The purpose of this study was to answer the following research questions: (a) What types of master’s students’ PPC do Council for Accreditation of Counseling and Related Educational Programs (CACREP) counselor educators perceive have the greatest impact on them as educators? (b) What do CACREP counselor educators perceive are roadblocks that interfere with their ability to engage in the gatekeeping of master’s students with PPC? and (c) What is CACREP counselor educators’ knowledge of their programs’ protocol for addressing a student with PPC? In this study, student refers to a master’s student enrolled in the participant’s counseling program, colleague is another counselor educator teaching in the participant’s counseling program, and impact means to have a strong effect. PPC refers to attitudes and behaviors that could interfere with the professional competence of a counselor-in-training, including: (a) a lack of ability or opposition to acquire and integrate professional standards into one’s professional counseling behavior; (b) a lack of ability to attain professional skills and reach an acceptable level of competency; (c) a lack of ability to manage one’s stress, psychological dysfunction or emotional responses that may impact professional performance; or (d) engagement in unethical behavior (Falender, Collins, & Shafranske, 2009).




Participants and Procedures

Prior to initiating the study, institutional review board approval was obtained. Recruitment of participants was conducted by an e-mail to all faculty employed at CACREP-accredited programs in the United States. The researchers of this study obtained a list of accredited programs from the official CACREP Web site and then visited each program’s Web site to obtain the e-mail addresses of the program’s counselor educators. Seven programs did not list faculty e-mails on their university Web sites. The exact number of educators teaching in CACREP-accredited programs is not known, as the programs’ Web sites might have imprecise or out-of-date information. Based upon the e-mail addresses gathered from the university Web sites, a list of 1,584 faculty members was created. Thereafter, one e-mail solicitation was sent to all identified faculty that directed participants to an online survey entitled, Problems of Professional Competency Survey – Counselor Educator Version (PPCS-CE), which was located on Of the 1,584 e-mails that were sent, 71 were undeliverable due to lacking a valid address or security issues, 15 were returned with automatic responses that the faculty member was absent (e.g., on sabbatical, no longer at university, ill, professor emeritus), and five responses indicated that the receiver of the e-mail was not a counselor educator. This left a total sample size of 1,493 CACREP counselor educators. For a population of 1,500, a sample size of 306 is adequate to generalize with a confidence interval of 95% (Gay, Mills, & Airasian, 2009). A total of 382 participants completed the survey; however, respondents with missing or invalid data (n = 12, less than 4%) were eliminated via listwise deletion, leaving a total number of 370 participants included in this study. This resulted in an adequate sample size of 370 participants and a final response rate of 25%. Frequencies and percentages of the demographic variables in this study are reported in Table 1.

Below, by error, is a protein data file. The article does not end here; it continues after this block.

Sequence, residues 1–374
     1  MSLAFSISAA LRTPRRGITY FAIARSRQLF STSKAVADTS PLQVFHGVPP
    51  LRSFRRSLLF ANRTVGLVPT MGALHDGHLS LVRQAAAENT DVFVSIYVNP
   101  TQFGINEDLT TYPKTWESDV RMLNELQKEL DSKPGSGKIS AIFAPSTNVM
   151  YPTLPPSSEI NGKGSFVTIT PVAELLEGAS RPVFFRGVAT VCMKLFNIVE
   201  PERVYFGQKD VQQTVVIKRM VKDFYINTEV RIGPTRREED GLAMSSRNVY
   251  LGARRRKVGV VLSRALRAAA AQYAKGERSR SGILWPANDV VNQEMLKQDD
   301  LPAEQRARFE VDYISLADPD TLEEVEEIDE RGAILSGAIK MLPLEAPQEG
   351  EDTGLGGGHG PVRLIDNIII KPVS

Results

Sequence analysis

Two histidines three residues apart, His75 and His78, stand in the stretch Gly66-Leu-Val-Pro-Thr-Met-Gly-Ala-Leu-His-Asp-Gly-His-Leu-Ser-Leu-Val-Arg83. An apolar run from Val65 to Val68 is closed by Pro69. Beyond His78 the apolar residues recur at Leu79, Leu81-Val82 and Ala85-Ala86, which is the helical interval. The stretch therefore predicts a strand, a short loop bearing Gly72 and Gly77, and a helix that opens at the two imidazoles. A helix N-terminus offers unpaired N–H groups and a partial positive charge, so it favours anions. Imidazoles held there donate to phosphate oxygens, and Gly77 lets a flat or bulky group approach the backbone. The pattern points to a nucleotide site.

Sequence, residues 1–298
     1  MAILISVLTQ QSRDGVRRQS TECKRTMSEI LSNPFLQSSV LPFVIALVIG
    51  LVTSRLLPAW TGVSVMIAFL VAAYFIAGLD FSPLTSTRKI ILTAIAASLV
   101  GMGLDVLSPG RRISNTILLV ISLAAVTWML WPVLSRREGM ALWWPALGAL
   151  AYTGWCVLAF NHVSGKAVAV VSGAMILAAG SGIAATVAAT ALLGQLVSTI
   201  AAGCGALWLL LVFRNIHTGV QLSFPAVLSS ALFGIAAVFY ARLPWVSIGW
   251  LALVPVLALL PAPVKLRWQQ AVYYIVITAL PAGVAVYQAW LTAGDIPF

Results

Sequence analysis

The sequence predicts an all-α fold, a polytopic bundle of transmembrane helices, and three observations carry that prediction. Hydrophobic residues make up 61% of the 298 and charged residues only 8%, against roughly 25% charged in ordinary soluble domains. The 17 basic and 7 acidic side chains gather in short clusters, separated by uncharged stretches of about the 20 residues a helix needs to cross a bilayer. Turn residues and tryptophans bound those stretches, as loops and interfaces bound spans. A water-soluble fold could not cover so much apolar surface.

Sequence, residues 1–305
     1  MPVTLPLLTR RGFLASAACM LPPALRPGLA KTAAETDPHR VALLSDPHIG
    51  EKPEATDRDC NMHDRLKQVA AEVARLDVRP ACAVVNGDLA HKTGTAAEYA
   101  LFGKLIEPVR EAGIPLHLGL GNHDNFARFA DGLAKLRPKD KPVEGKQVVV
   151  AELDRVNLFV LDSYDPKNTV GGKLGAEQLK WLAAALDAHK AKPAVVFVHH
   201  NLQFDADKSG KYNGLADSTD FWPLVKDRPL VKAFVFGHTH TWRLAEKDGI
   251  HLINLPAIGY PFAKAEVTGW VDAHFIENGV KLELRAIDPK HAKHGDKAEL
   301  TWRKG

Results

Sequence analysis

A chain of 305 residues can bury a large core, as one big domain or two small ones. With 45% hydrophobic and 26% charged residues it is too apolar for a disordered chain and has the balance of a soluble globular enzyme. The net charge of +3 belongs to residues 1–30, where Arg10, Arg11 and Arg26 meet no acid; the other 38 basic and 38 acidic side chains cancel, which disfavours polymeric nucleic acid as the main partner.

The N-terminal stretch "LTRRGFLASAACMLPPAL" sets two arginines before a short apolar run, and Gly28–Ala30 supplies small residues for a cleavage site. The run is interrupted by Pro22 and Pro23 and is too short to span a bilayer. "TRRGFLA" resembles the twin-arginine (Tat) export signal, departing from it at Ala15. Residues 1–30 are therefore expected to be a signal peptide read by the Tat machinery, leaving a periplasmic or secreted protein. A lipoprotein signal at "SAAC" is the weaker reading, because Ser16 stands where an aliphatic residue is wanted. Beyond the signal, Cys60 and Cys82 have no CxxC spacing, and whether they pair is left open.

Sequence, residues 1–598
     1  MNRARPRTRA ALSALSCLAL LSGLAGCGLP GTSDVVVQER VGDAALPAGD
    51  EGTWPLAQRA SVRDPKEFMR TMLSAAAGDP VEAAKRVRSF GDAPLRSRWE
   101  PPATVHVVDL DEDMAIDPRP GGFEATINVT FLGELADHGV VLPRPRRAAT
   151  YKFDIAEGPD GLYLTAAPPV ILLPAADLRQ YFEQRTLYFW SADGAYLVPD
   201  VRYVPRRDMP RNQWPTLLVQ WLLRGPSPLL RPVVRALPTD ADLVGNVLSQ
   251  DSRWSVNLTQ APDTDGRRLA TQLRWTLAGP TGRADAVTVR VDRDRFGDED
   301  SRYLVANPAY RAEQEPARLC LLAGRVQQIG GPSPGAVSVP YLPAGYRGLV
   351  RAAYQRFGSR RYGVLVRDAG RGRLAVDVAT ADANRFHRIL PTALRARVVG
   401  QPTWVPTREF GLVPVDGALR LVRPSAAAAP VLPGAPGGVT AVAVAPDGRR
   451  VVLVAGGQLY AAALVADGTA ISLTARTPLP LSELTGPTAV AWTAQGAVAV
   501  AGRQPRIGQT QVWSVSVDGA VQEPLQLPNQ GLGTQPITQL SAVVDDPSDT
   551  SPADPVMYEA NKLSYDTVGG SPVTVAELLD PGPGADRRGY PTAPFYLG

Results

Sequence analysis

Table 1  Numbers and Percentages of Demographic Variables
Variable  Number Percentage









  African American









  Asian/Pacific Islander



  Native American



  20 years to 29 years



  30 years to 39 years



  40 years to 49 years



  50 years to 59 years



  60 years or older



Sexual Orientation:






  Gay or Lesbian



Description of Program:
  Predominantly on Campus



  Predominantly Online



  Hybrid of Online/on Campus



Location of Program: